So there I am, looking at pocketbooks, arguing with myself that I surely don’t need another pocketbook but gosh darn, it’s my birthday and I can be frivolous if I want to be, when a young teenage girl crosses the store to get to me and hands me a purple square of paper on which is drawn a heart holding these handwritten words: Don’t forget to smile. Don’t forget to love. Happy Valentine’s Day from Alex.
I want to know more, but she is gone. I don’t see her anywhere. I kick myself for not asking her what she was handing me. Eventually, though, I spot her and run to catch up. She is with a woman and a tall, lanky young man. “I’m curious,” I tell her. “What’s the story behind this valentine?”
The woman tells me that Alex is her son who died last October. His last words were “Don’t forget to smile. Don’t forget to love.” As she tells me more of the story, tears spill. I’m quite sure we’ll soon need to call for clean-up on aisle 14, and I don’t care.
“Today’s my birthday,” I tell her, “and this is the best gift ever.” Hugs are swapped and enthusiastic wishes for a happy birthday come from Alex’s sister and brother (who’s wearing a t-shirt with a photo of Alex on it, and you know, nobody thinks it the least bit odd when I reach out and touch the brother’s chest.)
Alex’s mother asks to take a photo, then more tears are shed and hugs exchanged before we part ways. I don’t even know their names, but Alex will live forever in the mind and heart of this woman called Jeanne who never had the honor of knowing him in this life.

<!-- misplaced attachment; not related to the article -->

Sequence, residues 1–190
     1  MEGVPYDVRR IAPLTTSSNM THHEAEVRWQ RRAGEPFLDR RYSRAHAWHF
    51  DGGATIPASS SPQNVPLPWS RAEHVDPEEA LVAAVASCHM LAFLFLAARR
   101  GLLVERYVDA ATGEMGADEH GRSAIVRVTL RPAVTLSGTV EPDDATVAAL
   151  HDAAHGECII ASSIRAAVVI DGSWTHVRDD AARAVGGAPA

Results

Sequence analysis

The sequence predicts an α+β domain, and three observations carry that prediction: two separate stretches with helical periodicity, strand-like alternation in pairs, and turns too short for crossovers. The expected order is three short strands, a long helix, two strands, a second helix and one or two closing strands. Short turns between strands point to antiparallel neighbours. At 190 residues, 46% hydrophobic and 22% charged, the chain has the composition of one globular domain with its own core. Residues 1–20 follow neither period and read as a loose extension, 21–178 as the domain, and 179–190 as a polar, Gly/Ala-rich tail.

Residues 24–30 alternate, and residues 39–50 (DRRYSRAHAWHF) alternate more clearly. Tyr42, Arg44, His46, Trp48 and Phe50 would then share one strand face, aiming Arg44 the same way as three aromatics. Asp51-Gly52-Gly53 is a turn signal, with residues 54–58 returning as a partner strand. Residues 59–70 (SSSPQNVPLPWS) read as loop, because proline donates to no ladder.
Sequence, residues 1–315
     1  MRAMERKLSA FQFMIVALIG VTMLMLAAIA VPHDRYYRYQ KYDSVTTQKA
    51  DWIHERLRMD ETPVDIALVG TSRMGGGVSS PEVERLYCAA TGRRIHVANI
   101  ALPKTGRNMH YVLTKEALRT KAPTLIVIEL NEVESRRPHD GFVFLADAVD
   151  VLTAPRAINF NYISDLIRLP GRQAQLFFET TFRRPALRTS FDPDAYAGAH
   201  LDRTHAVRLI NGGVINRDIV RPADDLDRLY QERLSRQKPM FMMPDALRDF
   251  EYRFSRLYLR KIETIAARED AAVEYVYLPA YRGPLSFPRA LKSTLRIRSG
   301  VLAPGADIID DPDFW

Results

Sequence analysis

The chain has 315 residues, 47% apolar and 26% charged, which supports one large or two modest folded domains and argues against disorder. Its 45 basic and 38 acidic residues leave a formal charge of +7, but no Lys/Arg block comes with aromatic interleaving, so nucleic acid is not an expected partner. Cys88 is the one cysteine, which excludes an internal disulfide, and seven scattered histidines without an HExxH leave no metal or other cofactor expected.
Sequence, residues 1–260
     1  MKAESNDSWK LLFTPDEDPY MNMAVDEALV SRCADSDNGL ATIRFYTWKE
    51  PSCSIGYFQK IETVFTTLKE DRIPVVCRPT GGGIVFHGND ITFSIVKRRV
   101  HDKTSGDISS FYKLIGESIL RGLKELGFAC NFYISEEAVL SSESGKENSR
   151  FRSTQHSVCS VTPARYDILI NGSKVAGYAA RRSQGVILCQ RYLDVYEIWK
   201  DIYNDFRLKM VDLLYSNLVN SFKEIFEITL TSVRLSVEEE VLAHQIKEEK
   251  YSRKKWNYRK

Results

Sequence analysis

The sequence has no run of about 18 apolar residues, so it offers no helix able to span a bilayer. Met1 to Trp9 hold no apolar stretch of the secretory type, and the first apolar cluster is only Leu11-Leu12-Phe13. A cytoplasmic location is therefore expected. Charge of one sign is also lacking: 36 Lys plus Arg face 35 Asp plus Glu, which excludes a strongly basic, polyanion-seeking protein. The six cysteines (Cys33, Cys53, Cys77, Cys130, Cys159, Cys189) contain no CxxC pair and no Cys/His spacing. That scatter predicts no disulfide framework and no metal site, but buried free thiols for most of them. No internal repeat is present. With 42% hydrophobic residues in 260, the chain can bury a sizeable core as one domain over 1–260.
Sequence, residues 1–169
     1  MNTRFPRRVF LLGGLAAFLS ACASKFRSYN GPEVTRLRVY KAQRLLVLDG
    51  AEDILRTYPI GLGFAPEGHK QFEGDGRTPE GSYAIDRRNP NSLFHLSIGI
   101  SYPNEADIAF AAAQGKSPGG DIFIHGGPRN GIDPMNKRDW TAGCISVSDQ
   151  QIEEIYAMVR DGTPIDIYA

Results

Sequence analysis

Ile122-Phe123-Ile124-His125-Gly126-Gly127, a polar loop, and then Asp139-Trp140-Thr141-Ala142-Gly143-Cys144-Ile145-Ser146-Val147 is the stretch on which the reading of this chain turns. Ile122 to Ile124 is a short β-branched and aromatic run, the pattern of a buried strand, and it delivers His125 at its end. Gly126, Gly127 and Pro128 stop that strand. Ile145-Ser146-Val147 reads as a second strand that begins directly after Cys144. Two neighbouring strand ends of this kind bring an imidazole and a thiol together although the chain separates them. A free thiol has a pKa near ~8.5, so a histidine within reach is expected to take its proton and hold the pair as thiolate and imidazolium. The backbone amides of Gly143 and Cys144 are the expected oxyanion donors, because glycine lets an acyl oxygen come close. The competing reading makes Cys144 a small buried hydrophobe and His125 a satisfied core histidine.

Today Alison and I go to the surgeon’s office on the twelfth floor to have the drainage tube removed from her throat. When the elevator doors open on the eleventh floor, a woman pushes a stroller from the back of the crowded elevator to the front, and as she’s exiting, I see that she’s wearing a shirt that says “Don’t forget to smile, Alex”.
It all happens so fast.
I see the shirt, the memory floods me just as clearly as if it happened yesterday. She pushes past me, exits the elevator cab, and in a split second decision, I go after her, turning around to hold the doors open long enough to assure Alison that I’ll be along in a few minutes.
“Excuse me,” I say to the young woman in the t-shirt. “I see your t-shirt, and well, last February on Valentine’s Day, a teenage girl stopped me in a store in Newnan to give me a purple piece of paper bearing those same words: “Don’t forget to smile. Don’t forget to love, Alex.'”
The young woman’s face lights up into a broad smile and in her best broken English, she says “That’s my sister.” She goes on to explain as best she can that the t-shirts and valentines are how Alex’s family deals with their grief and how they keep Alex’s memory alive. She reaches out and hugs me warmly just like her sister did 6.5 months ago.
And just as I did 6.5 months ago, I leave smiling and blessing Alex’s family for honoring his memory in such a fine, meaningful way and vowing that though I’ll never have the privilege of knowing Alex in this life, I’ll never forget him – memorializing him by remembering to love and remembering to smile. Seems a fine legacy to me, Alex. A mighty fine legacy.
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